After a few more days of travel beyond Pilot Springs, the Hastings Cutoff makes another time consuming detour around the Ruby Mountains in northeastern Nevada. The Hastings route crosses the Ruby Mountains at Overland Pass near the south end of the mountains. This pass is easy to cross, but a little reconnaissance by Hastings would have shown that the migrants could have traveled a shorter distance by heading directly toward the springs at the head of the Humboldt River near present day Wells, Nevada without going around the south end of the Ruby Mountains. The Hastings route meandered 150 miles to travel westward only fifty or sixty miles from Pilot Springs to the head of the Humboldt River.
The detour around the south end of the Ruby Mountains added five or six days, but was not the only problem causing delays on the Hastings cutoff. The greater delays were also caused during the crossing of the Wasatch Mountains, which required road-building by the migrants, and the Salt Flats, which slowed their pace considerably. These delays were largely responsible for the Donner group reaching the Sierra Nevada mountains about a month behind schedule. There they were stopped in October by an early onset of winter for which they were unprepared. After becoming snowbound, many died of starvation and some of the emigrants resorted to eating their animals and, tragically, the deceased members of the group.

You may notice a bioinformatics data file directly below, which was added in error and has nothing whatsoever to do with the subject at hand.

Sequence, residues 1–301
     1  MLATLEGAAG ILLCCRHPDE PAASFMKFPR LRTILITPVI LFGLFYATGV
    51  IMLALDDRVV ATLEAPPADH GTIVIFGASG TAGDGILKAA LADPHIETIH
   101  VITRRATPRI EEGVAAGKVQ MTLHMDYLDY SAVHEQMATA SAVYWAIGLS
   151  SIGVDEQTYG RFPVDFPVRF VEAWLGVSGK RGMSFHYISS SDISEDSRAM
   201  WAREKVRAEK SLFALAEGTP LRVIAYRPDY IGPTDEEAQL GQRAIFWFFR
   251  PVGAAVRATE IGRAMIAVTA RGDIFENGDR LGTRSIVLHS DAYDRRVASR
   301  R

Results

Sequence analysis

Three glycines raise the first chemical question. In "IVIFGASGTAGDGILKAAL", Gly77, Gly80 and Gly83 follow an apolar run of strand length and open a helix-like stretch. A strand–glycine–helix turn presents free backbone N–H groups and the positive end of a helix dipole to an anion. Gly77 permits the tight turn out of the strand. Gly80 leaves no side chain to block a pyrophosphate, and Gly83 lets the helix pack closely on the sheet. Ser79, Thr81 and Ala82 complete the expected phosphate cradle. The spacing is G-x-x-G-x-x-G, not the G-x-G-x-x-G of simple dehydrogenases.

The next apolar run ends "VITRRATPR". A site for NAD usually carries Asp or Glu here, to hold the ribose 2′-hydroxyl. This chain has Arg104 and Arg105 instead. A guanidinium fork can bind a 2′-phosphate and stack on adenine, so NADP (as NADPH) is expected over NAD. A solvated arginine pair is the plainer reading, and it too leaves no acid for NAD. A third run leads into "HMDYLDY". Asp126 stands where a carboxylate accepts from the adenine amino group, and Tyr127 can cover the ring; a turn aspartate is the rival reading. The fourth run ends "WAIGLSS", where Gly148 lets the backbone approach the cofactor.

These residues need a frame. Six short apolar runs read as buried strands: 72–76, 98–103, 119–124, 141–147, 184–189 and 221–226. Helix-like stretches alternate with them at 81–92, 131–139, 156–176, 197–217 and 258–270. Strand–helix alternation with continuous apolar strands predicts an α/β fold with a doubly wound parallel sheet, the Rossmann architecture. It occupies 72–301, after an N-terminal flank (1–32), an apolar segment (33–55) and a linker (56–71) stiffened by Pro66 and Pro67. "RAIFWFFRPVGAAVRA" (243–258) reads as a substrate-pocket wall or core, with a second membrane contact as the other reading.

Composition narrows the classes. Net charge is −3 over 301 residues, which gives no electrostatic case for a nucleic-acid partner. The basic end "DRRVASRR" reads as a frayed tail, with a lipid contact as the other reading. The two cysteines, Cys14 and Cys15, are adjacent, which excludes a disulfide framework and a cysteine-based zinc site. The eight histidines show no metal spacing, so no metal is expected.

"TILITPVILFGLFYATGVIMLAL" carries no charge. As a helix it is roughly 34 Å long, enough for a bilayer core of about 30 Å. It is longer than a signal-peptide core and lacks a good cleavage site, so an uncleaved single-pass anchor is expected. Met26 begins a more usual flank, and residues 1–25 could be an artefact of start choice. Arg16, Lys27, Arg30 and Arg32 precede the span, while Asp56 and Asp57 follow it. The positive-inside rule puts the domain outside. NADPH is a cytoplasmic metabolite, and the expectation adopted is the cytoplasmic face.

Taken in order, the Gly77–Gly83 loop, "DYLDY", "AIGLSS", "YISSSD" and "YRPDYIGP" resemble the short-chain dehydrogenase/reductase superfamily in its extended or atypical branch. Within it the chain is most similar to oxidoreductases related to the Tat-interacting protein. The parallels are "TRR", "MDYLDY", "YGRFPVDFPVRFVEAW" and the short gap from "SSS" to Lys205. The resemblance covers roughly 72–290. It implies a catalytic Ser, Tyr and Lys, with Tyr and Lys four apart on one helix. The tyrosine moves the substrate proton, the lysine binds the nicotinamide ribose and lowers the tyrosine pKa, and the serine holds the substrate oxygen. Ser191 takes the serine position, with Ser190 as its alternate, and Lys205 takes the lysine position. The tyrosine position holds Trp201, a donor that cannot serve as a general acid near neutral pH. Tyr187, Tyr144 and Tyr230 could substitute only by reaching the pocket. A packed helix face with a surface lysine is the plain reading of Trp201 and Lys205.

Few migrants followed the Hastings Cutoff after the Donner disaster because the news was spread rapidly by other travelers and writers. One example was written by migrant O.J. Hall: “Those who took the Hastings Cutoff went 60 miles without water, many died—some that reached water were past speaking, with black tongue, blood ran from their mouth. When they revived, they took water back to others. It was a horrible scene. Wagons and property lay in piles along the trail.” Captain John McNulty wrote, “They suffered much--reduced to the necessity of drinking their mules’ urine.” McNulty further described the Hastings Trail, “…a route in my humble opinion which will consign many emigrants and their animals to the wolves, and the rest to much suffering.”
Virginia Reed, a surviving member of the Donner Party, wrote this succinct instruction in an 1847 letter home. “Don’t let this letter dishearten anybody and never take no cutoffs and hurry along as fast as you can.”
Alas, Hastings’ hope for a Republic of California faded when Mexico ceded California to the United States in 1848 following the Mexican-American war.
These pioneer diaries often read like the great heroic sagas or epic poems in which the hero goes through repeated life-threatening trials interspersed by brief periods of relief. Indeed the men and women making these trips had no idea of the hardships awaiting them and their lives were unwittingly heroic.
Bagley, Will. With Golden Visions Bright Before Them: Trails to the Mining West 1849-1852.
Norman: University of Oklahoma Press. 2012.
Davis, Robert E. Following Sarah: Sarah Davis's 1849-1850 Journey from Michigan to
California. Quiet Spring Publishers, 2013.
Morgan, Dale L., The Humboldt: Highroad of the West. Lincoln: University of Nebraska